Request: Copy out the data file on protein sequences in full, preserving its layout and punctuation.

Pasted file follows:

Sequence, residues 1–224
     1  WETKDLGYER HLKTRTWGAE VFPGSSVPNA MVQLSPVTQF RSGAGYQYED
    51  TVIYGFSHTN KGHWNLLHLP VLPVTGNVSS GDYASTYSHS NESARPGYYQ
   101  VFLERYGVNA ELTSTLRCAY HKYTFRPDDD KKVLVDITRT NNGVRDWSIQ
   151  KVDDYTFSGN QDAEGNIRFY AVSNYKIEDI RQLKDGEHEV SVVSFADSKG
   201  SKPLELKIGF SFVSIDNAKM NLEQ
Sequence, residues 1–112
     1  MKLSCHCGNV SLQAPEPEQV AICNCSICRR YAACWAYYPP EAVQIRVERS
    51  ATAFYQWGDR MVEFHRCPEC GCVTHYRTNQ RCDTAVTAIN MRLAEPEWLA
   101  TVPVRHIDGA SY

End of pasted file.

Sequence, residues 1–224
     1  WETKDLGYER HLKTRTWGAE VFPGSSVPNA MVQLSPVTQF RSGAGYQYED
    51  TVIYGFSHTN KGHWNLLHLP VLPVTGNVSS GDYASTYSHS NESARPGYYQ
   101  VFLERYGVNA ELTSTLRCAY HKYTFRPDDD KKVLVDITRT NNGVRDWSIQ
   151  KVDDYTFSGN QDAEGNIRFY AVSNYKIEDI RQLKDGEHEV SVVSFADSKG
   201  SKPLELKIGF SFVSIDNAKM NLEQ
Sequence, residues 1–112
     1  MKLSCHCGNV SLQAPEPEQV AICNCSICRR YAACWAYYPP EAVQIRVERS
    51  ATAFYQWGDR MVEFHRCPEC GCVTHYRTNQ RCDTAVTAIN MRLAEPEWLA
   101  TVPVRHIDGA SY